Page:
Hidden Curriculum. In capitalist societies, the institution of education forms a societal superstructure, derived from and dependent on the underlying economic superstructure. Like law, the state, religion and even the culture itself-formal education in these societies exists to further the domination of the non-propertied working and middle classes by the propertied and powerful ruling class. Formal education involves a "hidden curriculum" that infuses the teachings of basic information and skills with values, norms and myths supportive of capitalism and capitalists. Thus formal education acts as a powerful tool in the establishment and maintenance of a "false consciousness" among the members of the working and middle classes. From this point of view, if formal education has any so called functions, its primary function is to preserve an exploitative status quo by shaping the minds of the exploited.
Students act as bridges between two generations. They need to realize and understand the happening of today and eliminate the bad and extract the good and implement for tomorrow. For this understanding , the right education with the right involvement of the happening is a requirement and the education system should see to it that are being equipped for a better understanding rather than classifying education as elementary, secondary or higher education. The syllabus and the activities should be framed in such a manner that it is interactive and interesting so that students understand and signify the importance of what they learn.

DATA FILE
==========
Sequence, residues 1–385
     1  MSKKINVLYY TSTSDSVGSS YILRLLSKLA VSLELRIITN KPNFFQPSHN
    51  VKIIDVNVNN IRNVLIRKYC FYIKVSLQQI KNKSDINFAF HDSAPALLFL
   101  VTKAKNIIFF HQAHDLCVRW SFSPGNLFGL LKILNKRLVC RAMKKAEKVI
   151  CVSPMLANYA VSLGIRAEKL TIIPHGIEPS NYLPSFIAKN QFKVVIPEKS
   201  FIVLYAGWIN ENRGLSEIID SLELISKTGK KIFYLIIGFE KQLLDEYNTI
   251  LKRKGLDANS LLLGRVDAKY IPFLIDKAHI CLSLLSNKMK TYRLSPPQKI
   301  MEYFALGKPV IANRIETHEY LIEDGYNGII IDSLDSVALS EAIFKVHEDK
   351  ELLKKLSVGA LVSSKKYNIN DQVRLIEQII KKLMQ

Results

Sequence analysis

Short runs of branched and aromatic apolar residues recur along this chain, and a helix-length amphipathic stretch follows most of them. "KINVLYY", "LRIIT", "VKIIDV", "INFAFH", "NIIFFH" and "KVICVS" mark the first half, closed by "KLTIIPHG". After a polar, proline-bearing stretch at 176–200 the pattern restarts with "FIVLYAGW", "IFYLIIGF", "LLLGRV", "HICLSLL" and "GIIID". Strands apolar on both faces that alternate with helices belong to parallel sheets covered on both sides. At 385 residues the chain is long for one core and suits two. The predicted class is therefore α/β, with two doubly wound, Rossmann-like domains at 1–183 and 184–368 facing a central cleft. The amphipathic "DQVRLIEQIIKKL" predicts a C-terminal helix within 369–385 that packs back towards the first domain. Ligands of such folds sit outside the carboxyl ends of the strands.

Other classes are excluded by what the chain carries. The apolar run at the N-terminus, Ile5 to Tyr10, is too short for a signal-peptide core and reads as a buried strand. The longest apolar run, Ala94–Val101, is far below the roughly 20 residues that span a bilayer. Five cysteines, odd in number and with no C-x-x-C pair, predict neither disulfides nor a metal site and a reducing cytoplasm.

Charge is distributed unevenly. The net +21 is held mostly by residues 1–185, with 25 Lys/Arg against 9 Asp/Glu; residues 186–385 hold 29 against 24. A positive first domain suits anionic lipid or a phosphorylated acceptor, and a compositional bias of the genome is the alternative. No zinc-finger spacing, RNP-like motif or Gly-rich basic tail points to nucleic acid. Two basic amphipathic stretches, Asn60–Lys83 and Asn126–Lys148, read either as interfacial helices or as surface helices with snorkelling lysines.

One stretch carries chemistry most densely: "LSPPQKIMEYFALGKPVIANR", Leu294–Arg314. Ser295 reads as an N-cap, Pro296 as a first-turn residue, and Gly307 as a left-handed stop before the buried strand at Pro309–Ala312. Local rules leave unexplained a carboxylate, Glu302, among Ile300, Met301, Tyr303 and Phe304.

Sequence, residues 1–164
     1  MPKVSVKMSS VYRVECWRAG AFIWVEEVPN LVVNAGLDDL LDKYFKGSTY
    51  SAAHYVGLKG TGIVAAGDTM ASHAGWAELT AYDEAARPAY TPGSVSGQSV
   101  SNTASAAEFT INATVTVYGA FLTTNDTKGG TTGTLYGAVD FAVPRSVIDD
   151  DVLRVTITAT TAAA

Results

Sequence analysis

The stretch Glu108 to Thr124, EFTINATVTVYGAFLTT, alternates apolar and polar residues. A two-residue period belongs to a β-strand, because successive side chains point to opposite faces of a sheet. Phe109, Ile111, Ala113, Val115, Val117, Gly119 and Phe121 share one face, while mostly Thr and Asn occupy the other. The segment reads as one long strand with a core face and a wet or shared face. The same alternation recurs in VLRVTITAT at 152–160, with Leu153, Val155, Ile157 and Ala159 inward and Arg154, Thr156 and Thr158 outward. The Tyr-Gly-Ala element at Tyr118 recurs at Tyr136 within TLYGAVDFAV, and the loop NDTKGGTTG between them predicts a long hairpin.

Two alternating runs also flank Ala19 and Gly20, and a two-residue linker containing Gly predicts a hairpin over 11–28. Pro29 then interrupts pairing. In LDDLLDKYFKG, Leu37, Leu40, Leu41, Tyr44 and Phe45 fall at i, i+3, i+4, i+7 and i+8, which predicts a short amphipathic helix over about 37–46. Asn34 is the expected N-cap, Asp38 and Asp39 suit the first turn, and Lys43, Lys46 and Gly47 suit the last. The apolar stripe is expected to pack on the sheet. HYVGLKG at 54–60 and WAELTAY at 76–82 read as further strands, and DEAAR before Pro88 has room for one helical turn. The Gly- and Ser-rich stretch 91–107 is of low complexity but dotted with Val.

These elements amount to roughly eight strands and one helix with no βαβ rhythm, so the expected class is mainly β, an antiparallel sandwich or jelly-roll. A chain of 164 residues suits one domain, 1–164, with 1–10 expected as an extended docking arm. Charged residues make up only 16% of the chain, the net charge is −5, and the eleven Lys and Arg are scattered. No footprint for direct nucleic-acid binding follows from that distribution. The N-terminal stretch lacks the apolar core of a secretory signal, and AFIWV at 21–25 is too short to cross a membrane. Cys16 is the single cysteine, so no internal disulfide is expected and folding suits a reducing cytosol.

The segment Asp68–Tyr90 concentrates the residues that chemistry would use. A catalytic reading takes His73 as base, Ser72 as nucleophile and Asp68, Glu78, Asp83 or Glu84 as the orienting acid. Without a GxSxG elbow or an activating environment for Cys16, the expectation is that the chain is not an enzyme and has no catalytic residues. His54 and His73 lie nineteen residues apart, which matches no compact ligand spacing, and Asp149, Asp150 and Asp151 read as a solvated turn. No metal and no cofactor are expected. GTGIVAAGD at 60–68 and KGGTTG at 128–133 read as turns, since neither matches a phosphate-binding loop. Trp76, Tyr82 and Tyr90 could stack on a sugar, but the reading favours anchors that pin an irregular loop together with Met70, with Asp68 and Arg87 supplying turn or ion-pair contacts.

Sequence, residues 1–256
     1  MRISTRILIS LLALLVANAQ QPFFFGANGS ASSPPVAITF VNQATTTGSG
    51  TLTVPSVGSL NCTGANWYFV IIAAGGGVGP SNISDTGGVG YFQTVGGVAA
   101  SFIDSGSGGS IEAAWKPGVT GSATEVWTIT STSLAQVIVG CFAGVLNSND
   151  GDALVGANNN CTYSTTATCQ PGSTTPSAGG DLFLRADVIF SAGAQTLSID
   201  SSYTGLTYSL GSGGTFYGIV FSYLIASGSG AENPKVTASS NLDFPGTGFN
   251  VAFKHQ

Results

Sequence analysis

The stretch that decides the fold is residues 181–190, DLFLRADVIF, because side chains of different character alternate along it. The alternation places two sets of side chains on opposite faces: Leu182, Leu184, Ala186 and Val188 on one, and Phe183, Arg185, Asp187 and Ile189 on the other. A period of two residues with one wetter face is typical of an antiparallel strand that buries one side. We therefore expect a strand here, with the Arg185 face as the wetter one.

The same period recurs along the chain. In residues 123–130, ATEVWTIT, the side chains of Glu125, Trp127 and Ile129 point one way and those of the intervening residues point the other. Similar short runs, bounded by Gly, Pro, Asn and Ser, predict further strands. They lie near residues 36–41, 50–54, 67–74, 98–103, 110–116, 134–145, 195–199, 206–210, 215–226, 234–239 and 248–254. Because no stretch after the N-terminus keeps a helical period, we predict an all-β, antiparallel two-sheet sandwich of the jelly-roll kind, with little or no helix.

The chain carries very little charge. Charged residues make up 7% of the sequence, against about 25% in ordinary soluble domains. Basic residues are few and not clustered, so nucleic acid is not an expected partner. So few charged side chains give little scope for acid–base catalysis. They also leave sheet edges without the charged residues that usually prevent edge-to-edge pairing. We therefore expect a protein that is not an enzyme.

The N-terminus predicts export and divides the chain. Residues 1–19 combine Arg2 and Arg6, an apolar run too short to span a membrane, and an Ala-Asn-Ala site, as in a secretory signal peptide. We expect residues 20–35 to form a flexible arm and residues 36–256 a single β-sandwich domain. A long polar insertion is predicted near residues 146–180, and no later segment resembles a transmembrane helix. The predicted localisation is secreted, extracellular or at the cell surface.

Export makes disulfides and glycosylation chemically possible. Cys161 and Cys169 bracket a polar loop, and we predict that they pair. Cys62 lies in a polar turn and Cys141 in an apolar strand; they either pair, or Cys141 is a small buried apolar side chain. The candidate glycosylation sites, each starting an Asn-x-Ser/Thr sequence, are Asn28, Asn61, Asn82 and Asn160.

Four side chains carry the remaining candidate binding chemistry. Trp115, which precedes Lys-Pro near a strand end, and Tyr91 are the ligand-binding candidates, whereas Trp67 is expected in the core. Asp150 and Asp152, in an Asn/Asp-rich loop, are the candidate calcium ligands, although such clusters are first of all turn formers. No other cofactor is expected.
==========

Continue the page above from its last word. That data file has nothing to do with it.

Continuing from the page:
For the terminally ill patient, being in control is vital and the nurse must appreciate that the patient though suffering an illness from which he will eventually die must be allowed to keep his self respect. This self respect can be eroded enough by the nature of the disease its symptoms and suffering, sorrow and emotional pain. There are times when we as nurses see patients admitted to hospital who have already had their autonomy undermined. Whilst it may have been their wish to stay at home longer or until the end, families may feel the burden of care is too great and that they can no longer cope. This is usually when a new symptom presents that the family feel unable to manage. Nurses in the community may sometimes be able to prevent this situation arising by offering a more frequent or higher level of care supported by a Palliative Care Service, education of the family about the patients symptoms and how to help manage them. Sometimes admission is not what the patient wishes but the service is unable to provide appropriate management in the home. There is then an onus upon those providing the care to look at all options to enable the patient to achieve his goal of returning home. To be autonomous means to have choice and control in our own lives yet we must accept that total autonomy is hardly ever possible. Sometimes there are circumstances in which it is not possible to challenge on the patients behalf- times when the patient may wish to have their autonomy eroded. There are times when the patient may not want our advocacy and times when we may not be able to give it- for example controversial ethical issues such as euthanasia. (Coyle, 1992).